Sequence files, map files, and Avro datafiles are all row-oriented file formats, which means that the values for each row are stored contiguously in the file.In a column oriented format, the rows in a file are broken up into row splits, then each split is stored in column-oriented fashion: the values for each row in the first column are stored first, followed by the values for each row in the second column, and so on.
A column-oriented layout permits columns that are not accessed in a query to be skipped. Consider a query of the table that processes only 1 column with row-oriented storage, like a sequence file, the whole row is loaded into memory, even though only the second column is actually read.With column-oriented storage, only the column which is queried need to be read into memory. In general, column-oriented formats work well when queries access only a small number of columns in the table. Conversely, row oriented formats are appropriate when a large number of columns of a single row are needed for processing at the same time.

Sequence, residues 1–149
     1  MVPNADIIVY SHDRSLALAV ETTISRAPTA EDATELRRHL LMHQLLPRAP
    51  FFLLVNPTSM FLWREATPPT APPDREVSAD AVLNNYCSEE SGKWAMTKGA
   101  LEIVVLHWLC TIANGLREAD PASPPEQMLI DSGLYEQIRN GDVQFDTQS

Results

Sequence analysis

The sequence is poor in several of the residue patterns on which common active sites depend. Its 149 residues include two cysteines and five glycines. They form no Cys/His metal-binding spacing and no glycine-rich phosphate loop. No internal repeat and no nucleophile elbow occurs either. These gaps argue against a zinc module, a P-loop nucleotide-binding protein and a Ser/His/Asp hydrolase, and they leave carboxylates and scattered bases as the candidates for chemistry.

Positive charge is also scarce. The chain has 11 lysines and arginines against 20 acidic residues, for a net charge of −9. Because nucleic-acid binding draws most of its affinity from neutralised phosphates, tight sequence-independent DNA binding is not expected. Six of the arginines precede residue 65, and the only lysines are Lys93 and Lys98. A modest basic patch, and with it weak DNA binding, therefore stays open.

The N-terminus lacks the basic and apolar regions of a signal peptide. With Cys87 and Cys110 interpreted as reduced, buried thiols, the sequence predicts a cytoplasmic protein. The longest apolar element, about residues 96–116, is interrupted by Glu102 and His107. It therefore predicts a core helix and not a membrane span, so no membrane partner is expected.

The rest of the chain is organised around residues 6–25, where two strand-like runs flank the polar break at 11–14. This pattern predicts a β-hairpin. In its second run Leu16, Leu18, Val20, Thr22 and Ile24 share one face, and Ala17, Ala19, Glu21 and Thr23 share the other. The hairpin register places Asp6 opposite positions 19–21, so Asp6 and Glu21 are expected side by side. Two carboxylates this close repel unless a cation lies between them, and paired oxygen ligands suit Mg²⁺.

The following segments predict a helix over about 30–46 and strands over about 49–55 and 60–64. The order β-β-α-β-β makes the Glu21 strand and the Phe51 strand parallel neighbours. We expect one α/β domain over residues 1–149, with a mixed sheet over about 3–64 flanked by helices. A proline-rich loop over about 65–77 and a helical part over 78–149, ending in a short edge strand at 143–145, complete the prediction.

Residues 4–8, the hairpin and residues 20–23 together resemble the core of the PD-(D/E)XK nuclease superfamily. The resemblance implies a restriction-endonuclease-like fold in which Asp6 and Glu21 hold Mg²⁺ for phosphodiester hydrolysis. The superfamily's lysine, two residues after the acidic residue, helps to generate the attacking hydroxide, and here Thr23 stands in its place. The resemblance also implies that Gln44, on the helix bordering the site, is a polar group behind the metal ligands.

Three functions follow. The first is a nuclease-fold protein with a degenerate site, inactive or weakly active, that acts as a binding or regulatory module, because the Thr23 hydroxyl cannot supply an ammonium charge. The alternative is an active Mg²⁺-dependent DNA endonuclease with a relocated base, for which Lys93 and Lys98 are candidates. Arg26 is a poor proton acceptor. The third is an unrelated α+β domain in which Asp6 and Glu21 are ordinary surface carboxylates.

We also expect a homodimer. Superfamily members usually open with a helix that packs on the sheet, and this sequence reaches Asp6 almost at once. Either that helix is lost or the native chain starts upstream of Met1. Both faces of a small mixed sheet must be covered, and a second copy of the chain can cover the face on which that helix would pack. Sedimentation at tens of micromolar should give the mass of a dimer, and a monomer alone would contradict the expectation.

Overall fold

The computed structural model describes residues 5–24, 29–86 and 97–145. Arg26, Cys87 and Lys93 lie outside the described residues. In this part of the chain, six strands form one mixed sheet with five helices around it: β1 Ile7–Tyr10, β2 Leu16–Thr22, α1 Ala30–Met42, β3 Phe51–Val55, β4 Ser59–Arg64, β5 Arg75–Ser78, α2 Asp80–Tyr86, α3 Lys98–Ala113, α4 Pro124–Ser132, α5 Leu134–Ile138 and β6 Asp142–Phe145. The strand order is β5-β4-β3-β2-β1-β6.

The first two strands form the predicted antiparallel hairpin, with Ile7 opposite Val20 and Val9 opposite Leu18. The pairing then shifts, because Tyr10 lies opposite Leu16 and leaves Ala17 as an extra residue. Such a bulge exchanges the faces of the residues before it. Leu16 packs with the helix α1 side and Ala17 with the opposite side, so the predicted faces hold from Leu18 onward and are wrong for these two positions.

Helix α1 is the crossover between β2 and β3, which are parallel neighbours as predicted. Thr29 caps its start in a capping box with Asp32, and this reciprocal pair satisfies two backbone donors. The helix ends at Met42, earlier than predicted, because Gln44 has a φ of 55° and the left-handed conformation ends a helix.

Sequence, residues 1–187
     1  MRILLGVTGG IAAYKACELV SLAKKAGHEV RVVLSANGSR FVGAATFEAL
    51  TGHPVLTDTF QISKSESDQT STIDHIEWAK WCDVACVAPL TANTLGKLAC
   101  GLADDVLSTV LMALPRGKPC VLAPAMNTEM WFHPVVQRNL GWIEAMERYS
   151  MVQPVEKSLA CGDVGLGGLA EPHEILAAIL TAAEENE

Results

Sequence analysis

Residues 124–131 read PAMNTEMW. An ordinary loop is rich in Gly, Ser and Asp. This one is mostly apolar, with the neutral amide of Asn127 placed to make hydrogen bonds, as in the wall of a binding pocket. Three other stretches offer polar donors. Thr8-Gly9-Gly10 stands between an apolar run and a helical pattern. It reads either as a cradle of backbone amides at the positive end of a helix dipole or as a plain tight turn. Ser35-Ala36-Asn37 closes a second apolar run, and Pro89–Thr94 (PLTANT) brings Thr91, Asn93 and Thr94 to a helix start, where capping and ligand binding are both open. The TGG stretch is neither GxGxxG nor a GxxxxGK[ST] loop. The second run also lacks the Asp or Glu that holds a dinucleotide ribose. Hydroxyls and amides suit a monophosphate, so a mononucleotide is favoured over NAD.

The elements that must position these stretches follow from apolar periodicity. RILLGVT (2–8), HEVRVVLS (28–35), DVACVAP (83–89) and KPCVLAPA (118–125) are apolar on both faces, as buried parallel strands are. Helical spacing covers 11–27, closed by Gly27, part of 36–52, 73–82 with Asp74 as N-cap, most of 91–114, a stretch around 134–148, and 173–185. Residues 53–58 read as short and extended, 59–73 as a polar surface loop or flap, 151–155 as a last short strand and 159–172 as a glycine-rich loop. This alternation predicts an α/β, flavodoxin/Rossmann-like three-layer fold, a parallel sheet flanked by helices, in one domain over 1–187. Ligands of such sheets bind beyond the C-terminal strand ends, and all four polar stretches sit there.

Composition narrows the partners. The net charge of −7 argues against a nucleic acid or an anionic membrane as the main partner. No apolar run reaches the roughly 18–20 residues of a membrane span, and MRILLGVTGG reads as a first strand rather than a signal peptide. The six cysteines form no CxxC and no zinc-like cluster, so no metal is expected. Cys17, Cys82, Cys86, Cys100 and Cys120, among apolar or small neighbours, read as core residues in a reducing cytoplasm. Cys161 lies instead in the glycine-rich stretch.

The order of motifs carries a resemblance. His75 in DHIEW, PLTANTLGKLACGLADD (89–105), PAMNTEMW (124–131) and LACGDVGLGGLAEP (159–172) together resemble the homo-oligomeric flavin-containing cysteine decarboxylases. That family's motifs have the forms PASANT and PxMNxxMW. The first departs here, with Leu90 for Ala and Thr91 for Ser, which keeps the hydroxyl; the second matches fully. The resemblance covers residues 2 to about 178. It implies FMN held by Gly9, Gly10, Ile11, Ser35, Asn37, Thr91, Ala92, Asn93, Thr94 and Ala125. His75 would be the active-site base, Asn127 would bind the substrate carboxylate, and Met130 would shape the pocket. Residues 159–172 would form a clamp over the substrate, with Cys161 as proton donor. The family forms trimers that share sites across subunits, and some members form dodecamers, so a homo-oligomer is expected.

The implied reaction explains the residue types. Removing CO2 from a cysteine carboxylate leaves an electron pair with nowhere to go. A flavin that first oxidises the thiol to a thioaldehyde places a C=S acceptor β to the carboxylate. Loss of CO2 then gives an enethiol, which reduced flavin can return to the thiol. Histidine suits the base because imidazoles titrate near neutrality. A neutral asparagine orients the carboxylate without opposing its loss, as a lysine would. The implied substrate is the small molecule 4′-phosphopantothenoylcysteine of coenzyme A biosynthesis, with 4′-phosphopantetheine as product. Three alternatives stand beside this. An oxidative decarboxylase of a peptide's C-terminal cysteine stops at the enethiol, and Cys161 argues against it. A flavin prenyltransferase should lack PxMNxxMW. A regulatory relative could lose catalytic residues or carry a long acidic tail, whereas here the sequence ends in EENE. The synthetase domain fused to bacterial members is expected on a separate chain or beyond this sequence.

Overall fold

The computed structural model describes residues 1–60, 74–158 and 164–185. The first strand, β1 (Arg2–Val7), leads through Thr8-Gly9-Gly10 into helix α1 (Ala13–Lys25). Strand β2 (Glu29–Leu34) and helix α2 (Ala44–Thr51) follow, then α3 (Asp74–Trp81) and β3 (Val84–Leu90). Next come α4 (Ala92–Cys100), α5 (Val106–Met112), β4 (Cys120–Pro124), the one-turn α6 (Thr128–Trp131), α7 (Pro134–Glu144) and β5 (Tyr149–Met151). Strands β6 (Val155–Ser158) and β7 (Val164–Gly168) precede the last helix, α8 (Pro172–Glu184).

Column-oriented formats need more memory for reading and writing, since they have to buffer a row split in memory, rather than just a single row. Also, it’s not usually possible to control when writes occur (via flush or sync operations), so column-oriented formats are not suited to streaming writes, as the current file cannot be recovered if the writer process fails. On the other hand, row-oriented formats like sequence files and Avro datafiles can be read up to the last sync point after a writer failure. It is for this reason that Flume uses row-oriented formats.